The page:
Do You Make These Mistakes in Lean Six Sigma?

A question…

Which one do you want to be first: Effective or Efficient?

You want to be BOTH, right? Me too…but it is very important to decide which one first.


To explain this let’s clarify what I mean by being EFFECTIVE. It is doing the right things. Being EFFICIENT means: do the things right.

So first you should decide what to do (and what not to do) before you try to do it right, with less effort, quicker, etc.

This is also true for the implementation of Lean Six Sigma.

When you apply Lean Six Sigma (LSS) in your company you will create great business efficiency but the final result still can be crap, why?

Because your program is not effective.

So my advice is: apply Lean Six Sigma in the area’s where you have a big gap between your key objectives and your current performance.

Practical Examples

I have seen examples where a company was introducing Lean Six Sigma to different areas without a clear purpose, other than cost savings. Although there were some nice projects saving a few 100 KEUR’s, still it was not clear where LSS should help the company in achieving their objectives. The result: managers perceived LSS was just another “pain in the a…”.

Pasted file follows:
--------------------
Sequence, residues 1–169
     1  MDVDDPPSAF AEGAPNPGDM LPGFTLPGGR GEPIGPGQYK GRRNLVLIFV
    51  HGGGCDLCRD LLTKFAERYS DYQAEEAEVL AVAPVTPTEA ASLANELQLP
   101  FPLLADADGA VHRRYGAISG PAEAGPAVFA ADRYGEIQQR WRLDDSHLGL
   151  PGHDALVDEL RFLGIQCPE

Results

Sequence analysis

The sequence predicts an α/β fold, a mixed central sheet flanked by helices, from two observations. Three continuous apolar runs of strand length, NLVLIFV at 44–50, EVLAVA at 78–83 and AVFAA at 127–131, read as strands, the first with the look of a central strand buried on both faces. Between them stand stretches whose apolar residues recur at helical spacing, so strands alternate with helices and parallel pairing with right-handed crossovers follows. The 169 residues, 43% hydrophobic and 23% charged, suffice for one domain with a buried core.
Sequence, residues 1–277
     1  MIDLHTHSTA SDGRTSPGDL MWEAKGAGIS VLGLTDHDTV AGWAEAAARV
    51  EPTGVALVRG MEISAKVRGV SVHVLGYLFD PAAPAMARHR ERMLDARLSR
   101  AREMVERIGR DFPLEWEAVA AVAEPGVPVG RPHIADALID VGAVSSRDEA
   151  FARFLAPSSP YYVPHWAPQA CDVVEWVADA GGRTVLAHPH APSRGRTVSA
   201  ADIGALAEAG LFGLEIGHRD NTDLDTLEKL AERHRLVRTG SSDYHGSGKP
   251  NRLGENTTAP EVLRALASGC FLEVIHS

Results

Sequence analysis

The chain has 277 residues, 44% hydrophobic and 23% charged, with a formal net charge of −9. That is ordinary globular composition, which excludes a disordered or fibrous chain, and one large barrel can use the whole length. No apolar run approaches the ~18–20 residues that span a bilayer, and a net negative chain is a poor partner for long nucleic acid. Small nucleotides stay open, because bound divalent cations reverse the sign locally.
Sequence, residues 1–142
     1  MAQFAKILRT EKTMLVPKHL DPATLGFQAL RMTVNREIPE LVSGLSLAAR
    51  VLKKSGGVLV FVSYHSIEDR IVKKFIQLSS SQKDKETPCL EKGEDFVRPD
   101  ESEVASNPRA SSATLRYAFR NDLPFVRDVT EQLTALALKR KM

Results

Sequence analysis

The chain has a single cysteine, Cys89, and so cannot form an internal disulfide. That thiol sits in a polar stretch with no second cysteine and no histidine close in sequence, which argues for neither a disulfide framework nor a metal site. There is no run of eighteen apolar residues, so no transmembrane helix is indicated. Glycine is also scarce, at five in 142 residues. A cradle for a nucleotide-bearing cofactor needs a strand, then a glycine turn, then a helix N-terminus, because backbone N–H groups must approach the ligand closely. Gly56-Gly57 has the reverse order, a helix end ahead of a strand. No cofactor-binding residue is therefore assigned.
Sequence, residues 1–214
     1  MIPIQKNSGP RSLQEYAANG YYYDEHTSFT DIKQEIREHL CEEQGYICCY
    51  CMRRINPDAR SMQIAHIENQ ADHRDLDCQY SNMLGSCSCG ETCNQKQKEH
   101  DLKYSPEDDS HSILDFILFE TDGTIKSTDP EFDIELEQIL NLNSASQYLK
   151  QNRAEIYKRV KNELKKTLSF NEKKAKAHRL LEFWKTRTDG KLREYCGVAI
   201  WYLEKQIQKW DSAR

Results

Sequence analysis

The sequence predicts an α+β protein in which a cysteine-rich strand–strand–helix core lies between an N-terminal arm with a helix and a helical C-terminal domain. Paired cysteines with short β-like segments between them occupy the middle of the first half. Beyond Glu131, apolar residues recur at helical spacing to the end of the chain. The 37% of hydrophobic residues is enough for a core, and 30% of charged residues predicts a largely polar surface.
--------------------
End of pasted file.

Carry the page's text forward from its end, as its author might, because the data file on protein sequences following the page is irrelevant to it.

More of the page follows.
Another practical example:

A company has started using LSS in order to increase capacity of their machines and production lines. In the meanwhile their biggest challenge shifted from capacity shortage to costs because the orders were dropping. The original projects were still being executed to increase capacity but there was less attention to them from the management as they were now concerned about reducing costs.

How to…

But how should you run a Lean Six Sigma program to be effective?

  1. Decide on your mission, vision and objectives
  2. Chose the most important metrics (sales, profit, costs, volume, etc.) to monitor  your current performance (baseline)
  3. Set up and run LSS projects that will help you to get closer to your objectives. Selection should be based on Pareto-law (80% of results will be driven by 20% of your projects)
  4. Keep monitoring as you complete the LSS projects to see if you are moving closer to your objectives.
  5. If not: Change the projects even if they are not finished in case you see that they are not in line with your plan to close the gap…and that requires guts and leadership.

Next time we will look at how to become efficient using Lean Six Sigma.

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